This article will describe in detail all the procedures of a typical Bene Israel Family preparing for and celebrating the Festival of Passover celebrated from “טו to כא” of the Hebrew Calendar Month of Nisan. It should be noted that in the Diaspora the Bene Israel celebrate two days of the Seder. In early 20th Century each family did two days of service at home, but later on it became common practice to perform the first night in the Family and the second night as a community. This permitted interaction between community members and bonding. As common in all Jewish Families preparations start with a general house cleaning and putting away all winter clothes and linen. The next item on the list is the preparation of the Matzoth for the Passover week. In days gone by these Matzoth were prepared at home by the women of the house for the whole week of Passover & beyond. Each family prepared around about one hundred Matzoth or more depending upon the size of the family.

In order to achieve this task in the earlier days when there existed the Joint Family system the women of the house cooperated in making the matzoth but with the advent of the twentieth century and advent of the single family units it became essential that several women generally sisters & sisters in laws would cooperate and go to each of the houses over the ten day period prior to Passover and help that family to make their requirement of Matzoth. It was very admirable to see the women working together, joking and generally enjoying themselves whilst fulfilling and performing each, their allotted task. For the Recipe of making the Matza and other Seder items and food for the Passover week see the recipes section at the end of this article. Note three special Matza were made for the Seder each one in order marked with one or two or three small extensions to mark the Cohen Levi & Israel Matza. On the night before Passover, all the Hametz (leavened bread) would be removed from the house.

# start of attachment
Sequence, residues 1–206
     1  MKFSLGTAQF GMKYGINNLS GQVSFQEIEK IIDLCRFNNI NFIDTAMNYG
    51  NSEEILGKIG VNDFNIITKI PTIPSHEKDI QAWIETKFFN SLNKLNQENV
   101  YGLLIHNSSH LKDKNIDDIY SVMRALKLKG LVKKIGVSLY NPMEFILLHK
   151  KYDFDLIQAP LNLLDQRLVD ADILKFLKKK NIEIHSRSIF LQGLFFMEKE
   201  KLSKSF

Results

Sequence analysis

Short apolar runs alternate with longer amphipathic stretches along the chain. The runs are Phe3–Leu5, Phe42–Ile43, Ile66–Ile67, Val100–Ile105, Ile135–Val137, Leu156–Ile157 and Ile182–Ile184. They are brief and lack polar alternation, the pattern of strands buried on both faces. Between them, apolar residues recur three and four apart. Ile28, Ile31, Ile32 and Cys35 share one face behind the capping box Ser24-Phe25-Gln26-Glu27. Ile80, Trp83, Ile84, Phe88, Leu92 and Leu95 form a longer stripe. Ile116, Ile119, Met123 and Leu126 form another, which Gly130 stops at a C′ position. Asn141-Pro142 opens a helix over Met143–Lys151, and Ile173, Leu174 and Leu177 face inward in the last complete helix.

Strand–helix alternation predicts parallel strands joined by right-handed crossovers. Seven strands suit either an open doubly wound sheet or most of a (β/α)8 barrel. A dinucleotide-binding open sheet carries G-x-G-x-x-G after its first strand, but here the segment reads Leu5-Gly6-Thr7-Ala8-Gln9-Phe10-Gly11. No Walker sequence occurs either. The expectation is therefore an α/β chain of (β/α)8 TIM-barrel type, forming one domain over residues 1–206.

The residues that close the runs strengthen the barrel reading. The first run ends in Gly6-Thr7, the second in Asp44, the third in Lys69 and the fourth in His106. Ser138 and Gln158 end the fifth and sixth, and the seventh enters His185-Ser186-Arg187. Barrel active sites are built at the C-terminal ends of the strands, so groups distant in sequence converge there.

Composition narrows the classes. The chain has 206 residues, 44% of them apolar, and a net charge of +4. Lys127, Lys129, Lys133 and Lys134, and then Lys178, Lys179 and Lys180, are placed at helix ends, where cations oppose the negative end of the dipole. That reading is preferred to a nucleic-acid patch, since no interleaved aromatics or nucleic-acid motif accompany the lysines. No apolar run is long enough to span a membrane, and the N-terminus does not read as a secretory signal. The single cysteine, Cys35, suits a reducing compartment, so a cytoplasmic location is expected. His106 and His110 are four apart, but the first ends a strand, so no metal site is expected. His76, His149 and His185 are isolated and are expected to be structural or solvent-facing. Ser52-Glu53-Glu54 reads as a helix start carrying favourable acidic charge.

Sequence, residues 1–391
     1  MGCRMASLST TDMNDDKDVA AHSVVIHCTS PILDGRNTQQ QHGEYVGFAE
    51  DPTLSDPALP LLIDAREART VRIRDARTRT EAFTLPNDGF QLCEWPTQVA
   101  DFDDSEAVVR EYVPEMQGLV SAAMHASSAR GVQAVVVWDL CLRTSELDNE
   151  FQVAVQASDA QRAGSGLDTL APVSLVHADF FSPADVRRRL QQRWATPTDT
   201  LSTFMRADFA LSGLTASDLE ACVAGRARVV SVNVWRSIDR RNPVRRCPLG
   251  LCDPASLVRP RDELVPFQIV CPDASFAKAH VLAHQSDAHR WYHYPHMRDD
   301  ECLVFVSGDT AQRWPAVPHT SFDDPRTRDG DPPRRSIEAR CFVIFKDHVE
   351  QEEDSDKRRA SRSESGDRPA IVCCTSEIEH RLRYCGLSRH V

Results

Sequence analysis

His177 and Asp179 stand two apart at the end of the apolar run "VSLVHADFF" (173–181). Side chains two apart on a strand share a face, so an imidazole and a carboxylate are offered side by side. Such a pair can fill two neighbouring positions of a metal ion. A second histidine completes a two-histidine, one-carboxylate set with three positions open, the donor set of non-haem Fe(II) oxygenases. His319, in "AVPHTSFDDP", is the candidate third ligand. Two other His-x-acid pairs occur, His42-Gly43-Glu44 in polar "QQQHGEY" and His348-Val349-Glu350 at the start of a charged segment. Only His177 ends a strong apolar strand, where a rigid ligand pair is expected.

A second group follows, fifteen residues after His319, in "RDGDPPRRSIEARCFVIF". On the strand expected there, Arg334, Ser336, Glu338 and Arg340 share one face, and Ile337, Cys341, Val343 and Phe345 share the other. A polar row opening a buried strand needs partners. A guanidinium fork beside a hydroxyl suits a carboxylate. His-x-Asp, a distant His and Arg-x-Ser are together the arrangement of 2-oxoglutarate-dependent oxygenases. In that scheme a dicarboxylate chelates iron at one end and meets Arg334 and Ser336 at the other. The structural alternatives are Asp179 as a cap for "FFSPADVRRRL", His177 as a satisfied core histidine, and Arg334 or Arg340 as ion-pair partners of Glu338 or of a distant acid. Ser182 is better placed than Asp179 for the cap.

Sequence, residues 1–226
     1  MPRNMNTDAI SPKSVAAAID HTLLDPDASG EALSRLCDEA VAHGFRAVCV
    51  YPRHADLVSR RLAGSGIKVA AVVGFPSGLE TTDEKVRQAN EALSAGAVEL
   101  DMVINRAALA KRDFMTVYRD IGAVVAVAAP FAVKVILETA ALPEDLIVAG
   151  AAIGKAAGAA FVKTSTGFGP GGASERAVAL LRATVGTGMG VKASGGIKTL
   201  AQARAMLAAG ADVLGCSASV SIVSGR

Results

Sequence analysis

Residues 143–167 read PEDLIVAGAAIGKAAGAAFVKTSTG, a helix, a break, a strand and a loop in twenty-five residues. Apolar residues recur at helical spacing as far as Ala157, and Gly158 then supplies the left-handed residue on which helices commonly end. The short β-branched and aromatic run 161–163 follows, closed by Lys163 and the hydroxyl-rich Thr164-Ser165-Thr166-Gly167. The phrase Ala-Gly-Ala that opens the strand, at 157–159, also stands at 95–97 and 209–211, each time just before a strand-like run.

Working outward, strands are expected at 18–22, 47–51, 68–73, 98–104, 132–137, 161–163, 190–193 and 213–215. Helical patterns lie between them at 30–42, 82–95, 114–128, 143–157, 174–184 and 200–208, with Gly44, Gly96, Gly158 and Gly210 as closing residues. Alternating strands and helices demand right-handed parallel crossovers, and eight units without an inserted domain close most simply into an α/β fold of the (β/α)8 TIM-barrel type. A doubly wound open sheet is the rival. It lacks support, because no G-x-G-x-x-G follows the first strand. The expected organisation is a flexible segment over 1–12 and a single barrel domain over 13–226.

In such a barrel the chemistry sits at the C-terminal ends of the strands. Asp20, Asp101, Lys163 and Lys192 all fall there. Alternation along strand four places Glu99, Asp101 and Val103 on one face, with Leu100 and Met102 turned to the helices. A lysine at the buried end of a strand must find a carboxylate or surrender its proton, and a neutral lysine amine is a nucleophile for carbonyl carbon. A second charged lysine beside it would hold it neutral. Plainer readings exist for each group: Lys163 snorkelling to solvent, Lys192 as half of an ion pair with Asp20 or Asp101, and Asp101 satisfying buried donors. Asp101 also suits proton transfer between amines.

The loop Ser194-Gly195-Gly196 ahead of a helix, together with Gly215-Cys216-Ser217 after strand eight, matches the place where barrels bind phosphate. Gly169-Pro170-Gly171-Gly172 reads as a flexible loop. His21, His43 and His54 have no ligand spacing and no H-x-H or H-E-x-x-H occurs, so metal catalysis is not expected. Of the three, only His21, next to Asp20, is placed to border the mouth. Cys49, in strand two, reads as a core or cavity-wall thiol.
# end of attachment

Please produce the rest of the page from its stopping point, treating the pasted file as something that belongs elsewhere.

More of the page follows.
Note the Bene Israel would completely remove all the Hametz from the house and not as in Ashkenazi tradition or in the tradition of some other Jewish communities that the Hametz would be sold to a goy and then still be kept in the house. After this all the special vessels, dishes and plates used only for Passover would be taken out. These and other dishes would then be dipped in hot and cold water to purify (Kosher) them once again for use in the Passover week. Other vessels were put away in a separate locker. Further during the Passover week no dried red Masala would be used. During this week only fresh green Masala would be used as spices for the food.

A day or so prior to Passover the family would purchase all the special items for the Passover Seder. Two items were specifically made for the Seder, Kiddush wine out of Black Currants and Shira (Haroset). Shira or Haroset was made by each family which made the Seder (for the recipes see below). For the Shira there are many recipes, the recipe given below is that of The Moses Family. The Shank Bone (Zerovah) is prepared from the right fore leg of a goat or sheep only. Some communities use chicken bone but this the Bene Israel consider as an unacceptable alternative for the Seder Service.

For, recipes see below.

Two items were specifically purchased one-an earthen ware clay pot and second-a cheap small wine glass. These were used by the reader for reciting the plague and dropping the wine into the clay pot. The Bene Israel and most oriental Jews never dropped the wine, each from his cup into his plate as done by some communities. These were plagues and that was meant for the Egyptians. When this was being performed by the reader, all other glasses, plates and the Seder Plate were removed from the table or covered.